Friday, June 30, 2017

Cover Story: Edgy unromantic YA palettes, the stylized floral on black, the unfinished authentic white jacket, and more.

We had a wonderful evening with Mackenzi Lee and Brittany Cavallaro yesterday. Cavallaro is a former Milwaukeean (a UWM grad student) who's appeared at Boswell both for her poetry and her first YA novel, A Study in Charlotte. Her second Charlotte Holmes novel is The Last of August, with another to come. Mackenzi Lee is also promoting her second novel, the just released The Gentleman's Guide to Vice and Virtue, the #1 Indie Next Kids Pick for summer 2017 and getting lots of buzz. It too has a sequel coming. We have signed copies on both hardcovers.

As Cavallaro is a avid reader and bookstore junkie and Cavallaro is all that and a bookseller two (at Trident, in Boston), I came to ask them if they observed that their book jackets almost match. guess it's not that surprising. They are targeting the same age range, and they probably have the same art direct, since both are published by Katherine Tegen books. And I guess the publisher was looking for something that poppped, and didn't want the pinks and purples that might signify more of a romance. So for each book they went with an off-black (one has a blue tint, the other green), an acid turquoise accent color illustrating iconic images, and a secondary color of red or yellow.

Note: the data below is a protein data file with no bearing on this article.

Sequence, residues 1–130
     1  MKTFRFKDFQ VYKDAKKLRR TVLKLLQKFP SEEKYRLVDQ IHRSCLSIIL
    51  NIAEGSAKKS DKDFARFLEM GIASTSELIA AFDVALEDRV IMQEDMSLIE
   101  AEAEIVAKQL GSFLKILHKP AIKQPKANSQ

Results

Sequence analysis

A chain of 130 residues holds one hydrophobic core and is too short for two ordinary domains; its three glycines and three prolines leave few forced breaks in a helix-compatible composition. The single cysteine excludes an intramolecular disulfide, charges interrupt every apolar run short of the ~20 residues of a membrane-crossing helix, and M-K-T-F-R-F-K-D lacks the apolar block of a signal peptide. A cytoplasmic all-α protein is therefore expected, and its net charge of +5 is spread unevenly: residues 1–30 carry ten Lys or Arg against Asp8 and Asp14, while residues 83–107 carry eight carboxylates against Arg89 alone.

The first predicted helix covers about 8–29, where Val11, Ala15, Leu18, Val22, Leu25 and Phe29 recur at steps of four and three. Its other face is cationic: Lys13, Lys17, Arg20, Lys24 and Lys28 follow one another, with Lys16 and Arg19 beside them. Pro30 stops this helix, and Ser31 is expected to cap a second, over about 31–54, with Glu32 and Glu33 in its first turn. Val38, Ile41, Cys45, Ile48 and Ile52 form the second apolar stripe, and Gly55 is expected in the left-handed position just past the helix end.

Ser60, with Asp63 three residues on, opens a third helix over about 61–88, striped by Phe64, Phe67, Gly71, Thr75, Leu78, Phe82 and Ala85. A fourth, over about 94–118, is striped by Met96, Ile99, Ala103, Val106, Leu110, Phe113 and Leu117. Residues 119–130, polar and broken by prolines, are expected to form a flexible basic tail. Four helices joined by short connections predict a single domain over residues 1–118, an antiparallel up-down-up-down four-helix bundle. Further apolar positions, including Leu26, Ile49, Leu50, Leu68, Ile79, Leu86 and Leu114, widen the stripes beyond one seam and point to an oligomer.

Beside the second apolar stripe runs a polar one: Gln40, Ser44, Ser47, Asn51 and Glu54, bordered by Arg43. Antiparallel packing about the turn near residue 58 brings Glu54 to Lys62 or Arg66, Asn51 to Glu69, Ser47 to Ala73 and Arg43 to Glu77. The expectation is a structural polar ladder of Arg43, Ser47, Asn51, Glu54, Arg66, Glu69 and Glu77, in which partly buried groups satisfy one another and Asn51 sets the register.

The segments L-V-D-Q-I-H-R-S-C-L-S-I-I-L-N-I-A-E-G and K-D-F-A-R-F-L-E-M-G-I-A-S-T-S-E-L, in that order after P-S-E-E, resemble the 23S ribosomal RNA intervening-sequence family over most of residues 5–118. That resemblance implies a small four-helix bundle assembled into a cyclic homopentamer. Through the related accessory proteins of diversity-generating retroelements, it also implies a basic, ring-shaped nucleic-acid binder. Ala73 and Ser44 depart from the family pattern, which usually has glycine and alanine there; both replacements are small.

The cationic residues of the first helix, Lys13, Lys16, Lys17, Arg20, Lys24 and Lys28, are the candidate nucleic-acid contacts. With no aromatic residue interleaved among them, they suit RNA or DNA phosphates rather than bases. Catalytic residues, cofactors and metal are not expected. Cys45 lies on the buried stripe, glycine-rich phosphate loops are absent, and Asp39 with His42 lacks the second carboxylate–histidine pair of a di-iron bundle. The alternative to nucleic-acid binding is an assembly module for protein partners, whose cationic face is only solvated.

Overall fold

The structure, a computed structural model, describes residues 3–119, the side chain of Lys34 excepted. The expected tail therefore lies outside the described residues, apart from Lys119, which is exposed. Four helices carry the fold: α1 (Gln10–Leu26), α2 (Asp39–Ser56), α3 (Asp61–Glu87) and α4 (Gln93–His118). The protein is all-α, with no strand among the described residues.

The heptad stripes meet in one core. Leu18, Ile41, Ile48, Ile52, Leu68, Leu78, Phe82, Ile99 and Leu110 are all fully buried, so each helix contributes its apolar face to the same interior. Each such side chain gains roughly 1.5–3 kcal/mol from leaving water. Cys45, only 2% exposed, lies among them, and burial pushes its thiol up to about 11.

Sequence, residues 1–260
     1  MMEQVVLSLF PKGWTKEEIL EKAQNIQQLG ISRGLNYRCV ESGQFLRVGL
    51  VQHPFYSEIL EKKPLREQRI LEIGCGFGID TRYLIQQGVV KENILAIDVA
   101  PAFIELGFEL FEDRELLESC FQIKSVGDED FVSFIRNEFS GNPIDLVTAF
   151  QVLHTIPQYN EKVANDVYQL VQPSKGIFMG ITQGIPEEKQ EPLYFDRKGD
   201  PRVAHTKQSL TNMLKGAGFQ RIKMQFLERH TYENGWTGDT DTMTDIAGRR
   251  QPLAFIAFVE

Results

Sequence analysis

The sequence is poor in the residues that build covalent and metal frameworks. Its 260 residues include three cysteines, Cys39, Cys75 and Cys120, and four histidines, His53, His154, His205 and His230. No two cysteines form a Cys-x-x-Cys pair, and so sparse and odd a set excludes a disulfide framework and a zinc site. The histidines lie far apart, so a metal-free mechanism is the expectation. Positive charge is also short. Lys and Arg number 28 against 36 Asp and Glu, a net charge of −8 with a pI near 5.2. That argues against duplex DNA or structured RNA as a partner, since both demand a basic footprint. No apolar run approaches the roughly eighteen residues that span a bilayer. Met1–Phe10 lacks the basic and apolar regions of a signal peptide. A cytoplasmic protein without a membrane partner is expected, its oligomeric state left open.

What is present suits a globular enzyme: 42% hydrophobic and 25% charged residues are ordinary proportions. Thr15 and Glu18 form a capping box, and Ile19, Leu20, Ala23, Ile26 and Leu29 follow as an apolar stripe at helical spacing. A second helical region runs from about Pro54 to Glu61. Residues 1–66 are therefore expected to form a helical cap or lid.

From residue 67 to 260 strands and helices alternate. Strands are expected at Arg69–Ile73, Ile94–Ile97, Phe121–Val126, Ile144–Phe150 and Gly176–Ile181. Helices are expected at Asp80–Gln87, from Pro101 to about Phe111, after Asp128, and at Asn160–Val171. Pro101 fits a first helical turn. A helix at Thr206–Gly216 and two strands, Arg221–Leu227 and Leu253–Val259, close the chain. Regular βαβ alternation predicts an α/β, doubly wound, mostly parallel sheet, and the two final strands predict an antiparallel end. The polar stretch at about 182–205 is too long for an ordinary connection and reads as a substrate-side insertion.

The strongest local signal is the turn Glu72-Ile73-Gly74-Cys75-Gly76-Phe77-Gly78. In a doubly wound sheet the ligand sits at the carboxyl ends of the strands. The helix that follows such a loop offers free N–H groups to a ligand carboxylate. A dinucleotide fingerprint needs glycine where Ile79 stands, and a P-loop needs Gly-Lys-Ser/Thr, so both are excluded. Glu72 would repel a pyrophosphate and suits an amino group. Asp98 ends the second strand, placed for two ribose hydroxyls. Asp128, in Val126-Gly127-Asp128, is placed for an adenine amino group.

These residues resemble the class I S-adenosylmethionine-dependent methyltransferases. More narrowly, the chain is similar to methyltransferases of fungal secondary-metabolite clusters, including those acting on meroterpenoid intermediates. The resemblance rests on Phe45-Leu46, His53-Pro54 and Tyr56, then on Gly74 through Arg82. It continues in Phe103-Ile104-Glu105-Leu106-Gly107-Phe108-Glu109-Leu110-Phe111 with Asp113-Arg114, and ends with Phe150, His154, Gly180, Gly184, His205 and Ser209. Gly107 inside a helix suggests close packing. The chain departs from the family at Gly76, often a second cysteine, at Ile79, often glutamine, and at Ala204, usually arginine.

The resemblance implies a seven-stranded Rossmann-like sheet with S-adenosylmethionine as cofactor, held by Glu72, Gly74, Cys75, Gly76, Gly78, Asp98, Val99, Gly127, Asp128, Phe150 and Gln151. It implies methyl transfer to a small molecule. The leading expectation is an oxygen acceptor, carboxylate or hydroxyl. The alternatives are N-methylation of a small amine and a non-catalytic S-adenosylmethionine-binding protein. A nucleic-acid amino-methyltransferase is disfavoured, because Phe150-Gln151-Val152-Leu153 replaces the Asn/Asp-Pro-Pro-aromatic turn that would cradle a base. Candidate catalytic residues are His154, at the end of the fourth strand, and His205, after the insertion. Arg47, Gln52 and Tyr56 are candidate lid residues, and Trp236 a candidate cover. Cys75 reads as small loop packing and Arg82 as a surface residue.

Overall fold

As I know that Bri is friends with Chloe Benjamin from Madison, I brought out The Immortalists galley (on sale January 9, 2018) and oohed and ahhed over how beautiful it was. But then I noted that her novel plays into another trend, ultra bright botanicals on a black background. Now I read The Immortalists with no jacket image, but I am immediately attracted to it a book I'd want to read, and I think these images speak to our customers. I don't know why. They skew female, for sure, but somehow they seem in the sweet spot between commercial and literary. That makes sense for an acclaimed literary (and also middle grade) writer like Maile Meloy, who's new novel, Do Not Become Alarmed, ventures into psychological suspense territory. And The Chalk Artist plays on the book's title a bit, but veers away from the breakout chalk artist Valerie McKeehan, whose work, though I think is beautiful, might be too sweet and commecial a tone. Read my review of Allegra Goodman's novel on our webpage, and Sharon's got a recommendation for Meloy.

For Alison Amend's Enchanted Islands, they wisely kept the same image and just changed the typeface. I was still sitting around with a hardcover, because I still want to read it. The book seems to say I'm reviewable in a way that images of women staring off into the disantace seems to say, I'm practicing for the chain store's new release table. No real judgment here, just observation. And the thing is, if the flowers were more realistic, or on a field of white or wood grain or a pastel, you'd get a completely different vibe, targeting a much older female customer. I think the black gives it more of an edge.